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Good morning, it’s Monday, July 24, 2023. In today’s edition, Ala. lawmakers finish redistricting work; Ky. Gov leads GOP opponent in new poll; Ohio voters back abortion amendment:

Top Stories

TECHNOLOGY: A new Washington State law that took effect Sunday makes it illegal to create a geofence within 2,000 feet of a location that provides in-person health care services if that geofence targets consumers based on health-related needs. Backers say the law will protect those seeking abortions and gender-affirming care. Lawmakers in Connecticut, Nevada and New York passed similar measures that have yet to take effect. (Pluribus News)

REDISTRICTING: Alabama lawmakers on Friday approved a new U.S. House district map aimed at preserving the GOP’s 6-1 hold on the delegation. The new maps increase the Black share of the population in Rep. Barry Moore’s (R) district from 31% to almost 40%. Democrats hope the U.S. District Court that initially rejected the state’s maps forces Republicans to create a second Black-majority district. (Associated Press)

CRIMINAL JUSTICE: New York Assemb. Angel Santabarbara (D) will introduce legislation increasing penalties for repeat shoplifters. Offenders who are convicted twice within three months or three times within a year would be guilty of fourth-degree grand larceny, a felony. (State of Politics)

TAXES: Missouri Gov. Mike Parson (R) has signed a bill reinstating tax incentives for film production companies a decade after the original incentives ended. The state will give a 20% tax credit to film productions, with added bonuses if the film takes place in a rural or blighted area, if Missouri residents are hired to work on set, and if the productions depict the state in a positive way. (Fox4)

Our colleague Sophie Quinton has been covering the race to enact film tax credits this year. Missouri is at least the fifth to pass new incentives.

WORKFORCE: Colorado is launching a new $38 million program to provide free community college to residents who want to become nurses, fire fighters or construction workers. The program, launched by Gov. Jared Polis (D) last week, covers books, tuitions and fees at 19 community colleges around the state. (Denver Post)

TRANSPORTATION: New Jersey Gov. Phil Murphy (D) will sue the U.S. Department of Transportation and the Federal Highway Administration in an effort to stop New York’s $23-per-day congestion pricing plan. Murphy says the federal agencies failed to conduct environmental reviews under the National Environmental Protection Act and the Clean Air Act. (New Jersey Globe)

In Politics & Business

KENTUCKY: A new poll conducted by the GOP firm Public Opinion Strategies shows Gov. Andy Beshear (D) leading Attorney General Daniel Cameron (R) 52%-42%. Beshear’s approval rating stands at 63%. The poll shows he’s winning 15% of Republican voters, compared with Cameron’s 5% among Democrats. (Kentucky Fried Politics)

OHIO: A new poll conducted by Suffolk University for USA Today shows 58% of Ohio voters support a proposed constitutional amendment to guarantee the right to an abortion, set for the November ballot, while 32% are opposed. (Columbus Dispatch)

NEW HAMPSHIRE: Former U.S. Sen. Kelly Ayotte (R) will run to replace retiring Gov. Chris Sununu (R), she said Monday. Ayotte lost her seat in the Senate by fewer than 1,000 votes in 2016. She will face former Senate President Chuck Morse (R) in the GOP primary. (WMUR)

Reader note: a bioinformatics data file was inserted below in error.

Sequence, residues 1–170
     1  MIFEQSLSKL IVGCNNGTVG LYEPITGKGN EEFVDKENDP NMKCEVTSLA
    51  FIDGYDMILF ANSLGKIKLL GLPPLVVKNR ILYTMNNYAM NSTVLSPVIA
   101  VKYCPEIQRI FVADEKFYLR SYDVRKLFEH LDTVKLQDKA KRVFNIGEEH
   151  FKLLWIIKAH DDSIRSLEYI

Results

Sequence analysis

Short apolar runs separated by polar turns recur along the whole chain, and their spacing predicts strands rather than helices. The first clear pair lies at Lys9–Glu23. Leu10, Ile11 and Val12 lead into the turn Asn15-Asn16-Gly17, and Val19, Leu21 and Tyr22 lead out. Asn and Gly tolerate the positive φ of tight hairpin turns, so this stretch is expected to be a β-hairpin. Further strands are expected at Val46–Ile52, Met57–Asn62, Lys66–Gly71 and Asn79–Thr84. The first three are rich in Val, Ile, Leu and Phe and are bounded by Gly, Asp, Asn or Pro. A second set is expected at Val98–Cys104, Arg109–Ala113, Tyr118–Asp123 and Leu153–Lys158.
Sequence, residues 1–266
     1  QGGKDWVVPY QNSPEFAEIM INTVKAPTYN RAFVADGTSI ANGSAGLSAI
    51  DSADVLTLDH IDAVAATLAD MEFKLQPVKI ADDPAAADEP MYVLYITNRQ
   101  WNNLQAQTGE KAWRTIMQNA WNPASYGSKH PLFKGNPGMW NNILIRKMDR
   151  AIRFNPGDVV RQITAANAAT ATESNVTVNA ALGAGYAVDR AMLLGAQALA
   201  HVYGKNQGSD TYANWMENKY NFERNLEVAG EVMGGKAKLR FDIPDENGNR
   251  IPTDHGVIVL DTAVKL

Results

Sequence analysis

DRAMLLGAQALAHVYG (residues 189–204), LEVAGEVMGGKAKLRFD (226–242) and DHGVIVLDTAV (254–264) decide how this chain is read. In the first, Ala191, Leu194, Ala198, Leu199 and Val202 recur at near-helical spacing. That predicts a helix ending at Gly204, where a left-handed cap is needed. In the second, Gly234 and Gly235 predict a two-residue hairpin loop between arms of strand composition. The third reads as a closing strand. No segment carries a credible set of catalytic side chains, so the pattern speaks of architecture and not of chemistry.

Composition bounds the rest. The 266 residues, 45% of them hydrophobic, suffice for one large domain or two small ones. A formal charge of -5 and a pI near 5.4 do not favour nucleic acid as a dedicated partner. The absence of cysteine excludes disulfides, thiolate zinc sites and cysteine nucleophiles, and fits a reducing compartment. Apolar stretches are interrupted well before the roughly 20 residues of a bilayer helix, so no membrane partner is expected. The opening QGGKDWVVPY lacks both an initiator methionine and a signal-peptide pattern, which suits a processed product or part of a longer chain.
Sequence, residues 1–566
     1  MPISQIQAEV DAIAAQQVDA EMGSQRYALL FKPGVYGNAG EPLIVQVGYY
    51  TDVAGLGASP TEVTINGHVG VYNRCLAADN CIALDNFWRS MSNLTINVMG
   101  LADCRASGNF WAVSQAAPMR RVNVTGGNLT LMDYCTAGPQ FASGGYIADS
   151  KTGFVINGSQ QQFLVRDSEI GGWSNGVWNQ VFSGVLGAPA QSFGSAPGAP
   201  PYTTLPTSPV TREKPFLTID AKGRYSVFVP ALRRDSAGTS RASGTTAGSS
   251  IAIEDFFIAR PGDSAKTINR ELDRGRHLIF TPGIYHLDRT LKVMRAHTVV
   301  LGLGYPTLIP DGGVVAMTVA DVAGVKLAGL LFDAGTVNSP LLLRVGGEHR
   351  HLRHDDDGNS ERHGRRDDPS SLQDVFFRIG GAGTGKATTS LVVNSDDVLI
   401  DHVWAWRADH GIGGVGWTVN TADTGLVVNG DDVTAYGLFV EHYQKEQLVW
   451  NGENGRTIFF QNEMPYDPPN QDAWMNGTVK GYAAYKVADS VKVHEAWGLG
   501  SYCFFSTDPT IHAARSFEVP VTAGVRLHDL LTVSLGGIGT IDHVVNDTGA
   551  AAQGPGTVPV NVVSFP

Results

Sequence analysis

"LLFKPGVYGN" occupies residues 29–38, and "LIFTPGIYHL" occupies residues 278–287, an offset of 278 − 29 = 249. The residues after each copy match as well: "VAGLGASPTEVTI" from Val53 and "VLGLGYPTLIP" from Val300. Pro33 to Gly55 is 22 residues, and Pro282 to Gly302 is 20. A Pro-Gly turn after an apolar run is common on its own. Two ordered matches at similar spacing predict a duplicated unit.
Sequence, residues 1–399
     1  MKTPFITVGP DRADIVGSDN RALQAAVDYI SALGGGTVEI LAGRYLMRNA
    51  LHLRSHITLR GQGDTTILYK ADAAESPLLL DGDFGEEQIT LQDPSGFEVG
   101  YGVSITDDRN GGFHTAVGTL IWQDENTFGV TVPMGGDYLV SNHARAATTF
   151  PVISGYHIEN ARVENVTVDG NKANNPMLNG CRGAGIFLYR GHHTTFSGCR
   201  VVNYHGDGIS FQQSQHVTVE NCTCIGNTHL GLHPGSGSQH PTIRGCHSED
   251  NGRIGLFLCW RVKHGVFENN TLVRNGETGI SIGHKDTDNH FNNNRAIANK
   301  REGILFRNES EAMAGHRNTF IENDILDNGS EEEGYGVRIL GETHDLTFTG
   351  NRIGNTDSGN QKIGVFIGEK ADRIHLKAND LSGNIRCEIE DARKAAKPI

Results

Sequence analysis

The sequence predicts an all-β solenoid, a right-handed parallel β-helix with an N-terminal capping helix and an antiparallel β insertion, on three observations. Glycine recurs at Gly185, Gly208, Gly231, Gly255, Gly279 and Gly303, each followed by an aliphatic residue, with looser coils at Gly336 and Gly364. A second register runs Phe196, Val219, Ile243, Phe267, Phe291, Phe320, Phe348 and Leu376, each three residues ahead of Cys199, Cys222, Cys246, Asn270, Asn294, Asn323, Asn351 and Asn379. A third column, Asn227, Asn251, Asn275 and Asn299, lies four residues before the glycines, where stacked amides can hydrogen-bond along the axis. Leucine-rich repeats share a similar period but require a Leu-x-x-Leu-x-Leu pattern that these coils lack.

TEXAS: Lawyers for impeached Attorney General Ken Paxton (R) filed a motion asking Lt. Gov. Dan Patrick (R) to disqualify three Democratic senators as jurors, calling them biased. (Texas Tribune) Defend Texas Liberty PAC, a group opposing Paxton’s impeachment, contributed $1 million and loaned another $2 million to Patrick’s campaign. (Texas Tribune)

MAINE: Lawmakers will return to Augusta Tuesday to attempt to override Gov. Janet Mills’s (D) veto of legislation banning foreign spending in state and local campaigns. Foreign-owned energy companies are pouring millions into a campaign against a ballot measure that would create a publicly-owned utility. (Portland Press Herald)

WISCONSIN: The Elias Law Group has filed suit to reinstate absentee ballot drop boxes, as liberals prepare to take control of the state Supreme Court. The Supreme Court banned drop boxes outside of a county clerk’s office just months before the 2022 midterm elections. (Fox News)

By The Numbers

21%: The share of Washington State trooper positions that are vacant. The State Patrol says 146 of 684 trooper positions are unfilled as lawmakers consider new ways to recruit officers. (Seattle Times)

30: The median age of women giving birth in the United States in 2019, up from age 27 in 1990, according to Census Bureau figures. (Boston Globe)

Off The Wall

Politicians are getting in on the Barbie act: Michigan Gov. Gretchen Whitmer (D) is promoting a dark-haired version of the doll that sure looks like her. California Gov. Gavin Newsom (D) claims Barbie “embraces many of the values that make California the Golden State.” And California Sen. Scott Wiener (D) celebrated the new movie with a TikTok video showing him riding a BART train in hot pink stilettos. (Los Angeles Times, Detroit Free Press)

Congratulations to competitive eater Dan Kennedy, who scarfed down 35 (and three quarters) corn dogs to take the crown at the annual Milo’s Corn Dog Eating Competition at the California State Fair & Food Festival. Kenned dethroned reigning champion Molly Schuyler, who managed to eat 33 corn dogs. (Sacramento Bee)

Quote of the Day

“It took years to get in the ditch and it will take a couple of years to get out of it.”

Florida House Speaker Paul Renner (R), on the state’s homeowners insurance crisis. (Florida Politics)